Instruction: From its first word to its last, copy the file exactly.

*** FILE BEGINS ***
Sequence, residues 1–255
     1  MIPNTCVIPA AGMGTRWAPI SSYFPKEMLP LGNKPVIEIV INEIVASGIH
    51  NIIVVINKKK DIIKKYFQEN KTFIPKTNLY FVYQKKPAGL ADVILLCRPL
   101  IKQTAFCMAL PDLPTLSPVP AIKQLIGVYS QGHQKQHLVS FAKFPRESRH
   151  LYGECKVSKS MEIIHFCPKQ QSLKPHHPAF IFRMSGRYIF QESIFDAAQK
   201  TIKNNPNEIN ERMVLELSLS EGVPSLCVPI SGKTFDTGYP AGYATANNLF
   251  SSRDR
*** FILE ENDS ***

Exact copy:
Sequence, residues 1–255
     1  MIPNTCVIPA AGMGTRWAPI SSYFPKEMLP LGNKPVIEIV INEIVASGIH
    51  NIIVVINKKK DIIKKYFQEN KTFIPKTNLY FVYQKKPAGL ADVILLCRPL
   101  IKQTAFCMAL PDLPTLSPVP AIKQLIGVYS QGHQKQHLVS FAKFPRESRH
   151  LYGECKVSKS MEIIHFCPKQ QSLKPHHPAF IFRMSGRYIF QESIFDAAQK
   201  TIKNNPNEIN ERMVLELSLS EGVPSLCVPI SGKTFDTGYP AGYATANNLF
   251  SSRDR